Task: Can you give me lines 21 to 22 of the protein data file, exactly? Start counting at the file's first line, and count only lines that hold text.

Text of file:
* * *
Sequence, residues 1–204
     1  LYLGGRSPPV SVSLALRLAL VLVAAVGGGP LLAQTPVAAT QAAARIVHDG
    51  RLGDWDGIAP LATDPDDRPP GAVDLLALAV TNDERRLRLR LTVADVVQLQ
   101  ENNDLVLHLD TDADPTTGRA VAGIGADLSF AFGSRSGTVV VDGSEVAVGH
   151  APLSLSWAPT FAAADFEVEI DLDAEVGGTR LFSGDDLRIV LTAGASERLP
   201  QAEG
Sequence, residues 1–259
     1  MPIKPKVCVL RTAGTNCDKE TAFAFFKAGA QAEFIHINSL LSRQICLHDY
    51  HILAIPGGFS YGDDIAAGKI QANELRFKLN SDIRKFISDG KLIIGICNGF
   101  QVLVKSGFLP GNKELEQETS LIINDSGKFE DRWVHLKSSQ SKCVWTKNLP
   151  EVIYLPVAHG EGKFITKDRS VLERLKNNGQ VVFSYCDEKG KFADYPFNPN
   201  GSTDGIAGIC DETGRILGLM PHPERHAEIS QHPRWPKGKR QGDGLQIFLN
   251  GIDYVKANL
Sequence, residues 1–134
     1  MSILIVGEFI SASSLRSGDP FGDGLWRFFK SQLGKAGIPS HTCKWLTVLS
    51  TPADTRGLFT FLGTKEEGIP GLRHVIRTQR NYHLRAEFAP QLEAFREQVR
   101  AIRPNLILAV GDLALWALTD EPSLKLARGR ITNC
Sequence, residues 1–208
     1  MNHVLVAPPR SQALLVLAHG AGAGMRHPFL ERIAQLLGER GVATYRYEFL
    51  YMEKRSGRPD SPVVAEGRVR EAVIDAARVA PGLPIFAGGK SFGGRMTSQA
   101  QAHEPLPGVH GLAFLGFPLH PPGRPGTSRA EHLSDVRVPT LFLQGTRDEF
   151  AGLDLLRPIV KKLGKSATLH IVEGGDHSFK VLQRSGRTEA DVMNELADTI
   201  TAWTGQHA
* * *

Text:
   101  QAHEPLPGVH GLAFLGFPLH PPGRPGTSRA EHLSDVRVPT LFLQGTRDEF
   151  AGLDLLRPIV KKLGKSATLH IVEGGDHSFK VLQRSGRTEA DVMNELADTI